Wednesday, June 13, 2012


Enroute to Deoksugung, there appeared to be a Sunday market of sorts on the grounds of City Hall so I stopped to check things out when I heard some clanging and fanfare accompanied by the sight of these marchers wearing traditional Korean garments. Apparently, they troop around between the palaces probably as a tourist attraction/curiosity to give a 'live demonstration' of their culture and history.

Since these guys probably do this pretty frequently, I wonder sometimes if these are the people who play all the extras on those historical korean dramas like Queen Seon Deok and The Moon Embraces The Sun =)

After entering Deoksugung, you might get the feeling that, while it was also one of the Five Great Palaces (in addition to Gyeongbokgung, Changdeokgung and Changgyeonggung), this palace has a less grand feel to it. It is situated in a very wooded area and is currently more of a public park than a historical site, although you can definitely find numerous palace structures here.

The compound was at times a royal residence and palace although it was more often used by relatives of the King. You can still find the stone tablets known as pumgyeseoks in the courtyard indicating where court officials of varying rank should stand, much like in Gyeongbokgung or the other royal palaces.  Haechi likenesses can also be found in multiple places.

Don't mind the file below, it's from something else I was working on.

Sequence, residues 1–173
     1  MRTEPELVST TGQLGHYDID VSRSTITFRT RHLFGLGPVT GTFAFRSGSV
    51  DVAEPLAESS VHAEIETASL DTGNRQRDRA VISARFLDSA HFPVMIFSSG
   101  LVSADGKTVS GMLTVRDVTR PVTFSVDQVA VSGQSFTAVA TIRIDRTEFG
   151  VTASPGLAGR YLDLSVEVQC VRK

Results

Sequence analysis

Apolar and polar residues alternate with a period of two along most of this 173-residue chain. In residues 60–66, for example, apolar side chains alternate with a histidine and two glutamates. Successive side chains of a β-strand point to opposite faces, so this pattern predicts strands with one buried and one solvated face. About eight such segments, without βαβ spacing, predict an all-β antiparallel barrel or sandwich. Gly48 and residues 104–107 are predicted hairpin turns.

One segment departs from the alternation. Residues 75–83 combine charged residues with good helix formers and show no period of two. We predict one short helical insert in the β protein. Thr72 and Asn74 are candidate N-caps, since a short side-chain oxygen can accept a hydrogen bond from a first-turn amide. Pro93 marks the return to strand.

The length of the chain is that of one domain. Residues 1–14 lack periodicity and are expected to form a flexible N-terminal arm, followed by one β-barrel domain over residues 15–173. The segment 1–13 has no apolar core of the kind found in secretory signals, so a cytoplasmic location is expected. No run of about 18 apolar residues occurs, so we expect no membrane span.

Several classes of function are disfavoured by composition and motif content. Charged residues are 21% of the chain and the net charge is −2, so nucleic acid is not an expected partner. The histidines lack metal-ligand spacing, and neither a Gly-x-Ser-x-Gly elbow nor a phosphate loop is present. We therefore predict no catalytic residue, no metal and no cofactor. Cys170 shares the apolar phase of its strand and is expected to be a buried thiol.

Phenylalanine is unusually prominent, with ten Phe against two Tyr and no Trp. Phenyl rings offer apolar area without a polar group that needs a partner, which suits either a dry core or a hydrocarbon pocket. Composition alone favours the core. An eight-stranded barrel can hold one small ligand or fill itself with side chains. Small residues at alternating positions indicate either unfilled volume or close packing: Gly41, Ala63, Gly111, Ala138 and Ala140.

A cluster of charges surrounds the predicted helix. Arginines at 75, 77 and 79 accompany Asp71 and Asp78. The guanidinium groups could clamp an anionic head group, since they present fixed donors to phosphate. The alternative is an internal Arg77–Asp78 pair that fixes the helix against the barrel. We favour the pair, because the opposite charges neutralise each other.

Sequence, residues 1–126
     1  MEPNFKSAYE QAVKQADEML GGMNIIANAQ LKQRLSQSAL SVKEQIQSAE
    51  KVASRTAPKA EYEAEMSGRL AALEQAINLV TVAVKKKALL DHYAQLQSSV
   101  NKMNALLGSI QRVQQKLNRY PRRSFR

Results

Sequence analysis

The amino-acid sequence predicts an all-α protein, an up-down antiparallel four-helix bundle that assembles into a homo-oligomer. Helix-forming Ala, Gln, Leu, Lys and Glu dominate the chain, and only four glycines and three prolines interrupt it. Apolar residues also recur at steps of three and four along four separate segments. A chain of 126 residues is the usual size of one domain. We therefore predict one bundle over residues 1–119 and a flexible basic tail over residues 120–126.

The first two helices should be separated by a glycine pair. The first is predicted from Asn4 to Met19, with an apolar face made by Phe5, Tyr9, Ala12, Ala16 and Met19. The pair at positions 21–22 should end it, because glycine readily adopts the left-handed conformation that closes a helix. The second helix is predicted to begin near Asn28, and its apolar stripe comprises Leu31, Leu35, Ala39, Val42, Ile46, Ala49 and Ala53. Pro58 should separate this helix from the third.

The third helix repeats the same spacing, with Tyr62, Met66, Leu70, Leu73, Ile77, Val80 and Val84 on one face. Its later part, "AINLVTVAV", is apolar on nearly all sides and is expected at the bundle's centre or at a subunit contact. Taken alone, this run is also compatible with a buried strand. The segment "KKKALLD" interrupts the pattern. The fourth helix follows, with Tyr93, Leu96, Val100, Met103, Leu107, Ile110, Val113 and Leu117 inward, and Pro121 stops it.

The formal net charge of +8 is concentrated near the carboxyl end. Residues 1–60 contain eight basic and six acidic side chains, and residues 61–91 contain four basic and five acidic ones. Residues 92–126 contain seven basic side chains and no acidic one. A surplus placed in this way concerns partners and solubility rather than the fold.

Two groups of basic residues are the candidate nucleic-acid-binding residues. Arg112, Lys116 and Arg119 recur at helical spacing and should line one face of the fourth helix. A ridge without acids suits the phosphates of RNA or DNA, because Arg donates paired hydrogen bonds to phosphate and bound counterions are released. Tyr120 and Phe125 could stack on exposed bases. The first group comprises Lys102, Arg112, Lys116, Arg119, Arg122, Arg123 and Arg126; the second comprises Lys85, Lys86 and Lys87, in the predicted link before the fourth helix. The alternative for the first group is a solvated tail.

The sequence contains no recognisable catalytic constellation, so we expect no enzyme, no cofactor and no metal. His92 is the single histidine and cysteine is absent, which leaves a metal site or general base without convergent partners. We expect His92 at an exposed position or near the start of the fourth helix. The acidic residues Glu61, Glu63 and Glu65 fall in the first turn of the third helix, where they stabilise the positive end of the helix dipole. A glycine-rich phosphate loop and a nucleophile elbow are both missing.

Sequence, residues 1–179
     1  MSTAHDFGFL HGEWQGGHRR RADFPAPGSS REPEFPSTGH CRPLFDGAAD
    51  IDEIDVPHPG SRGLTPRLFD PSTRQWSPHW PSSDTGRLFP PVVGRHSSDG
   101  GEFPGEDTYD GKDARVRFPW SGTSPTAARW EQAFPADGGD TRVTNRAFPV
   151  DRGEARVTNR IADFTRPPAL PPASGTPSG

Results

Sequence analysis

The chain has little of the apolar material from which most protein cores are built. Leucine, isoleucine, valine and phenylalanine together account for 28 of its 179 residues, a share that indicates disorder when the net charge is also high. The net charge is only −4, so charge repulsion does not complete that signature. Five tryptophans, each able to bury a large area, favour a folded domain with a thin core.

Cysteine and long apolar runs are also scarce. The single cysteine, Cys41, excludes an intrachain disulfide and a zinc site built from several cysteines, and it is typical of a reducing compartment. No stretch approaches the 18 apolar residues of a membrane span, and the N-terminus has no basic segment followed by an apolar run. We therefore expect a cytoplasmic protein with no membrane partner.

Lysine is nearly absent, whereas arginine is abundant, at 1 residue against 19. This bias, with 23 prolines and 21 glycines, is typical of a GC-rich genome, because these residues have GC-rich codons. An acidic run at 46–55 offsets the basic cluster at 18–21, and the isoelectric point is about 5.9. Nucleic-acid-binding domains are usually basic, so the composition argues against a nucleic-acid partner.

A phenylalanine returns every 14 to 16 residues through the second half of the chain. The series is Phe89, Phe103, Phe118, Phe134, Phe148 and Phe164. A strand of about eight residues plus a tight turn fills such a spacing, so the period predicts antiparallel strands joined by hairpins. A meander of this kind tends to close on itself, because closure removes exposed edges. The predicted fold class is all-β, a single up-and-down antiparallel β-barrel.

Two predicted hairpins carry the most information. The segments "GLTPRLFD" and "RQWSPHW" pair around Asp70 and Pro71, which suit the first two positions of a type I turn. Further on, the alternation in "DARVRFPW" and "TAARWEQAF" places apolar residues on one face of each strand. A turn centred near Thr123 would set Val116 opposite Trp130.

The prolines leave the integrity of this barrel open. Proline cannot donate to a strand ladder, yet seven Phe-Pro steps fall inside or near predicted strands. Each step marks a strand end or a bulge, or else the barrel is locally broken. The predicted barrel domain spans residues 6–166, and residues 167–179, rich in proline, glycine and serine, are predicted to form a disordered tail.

Off in the distance you can see apartment buildings and office towers surrounding the compound.

I quite liked the design of the doorways and walls separating the compound into different sections but it was always quite curious to see that all the doorways were all so short. Wonder if people back then were all shorter...

One last pavilion with an unusual but quite interesting design.

Some more of the cute little figurines.

I guess its not really unusual to find yet another statue of King Sejong the Great here.

In case you're short on time and wondering which palaces to visit in Seoul, I would definitely say that Gyeongbokgung and the Changgyeonggung/Changdeokgung complexes are a bit more impressive, particularly with rather magnificent buildings in Gyeongbokgung.

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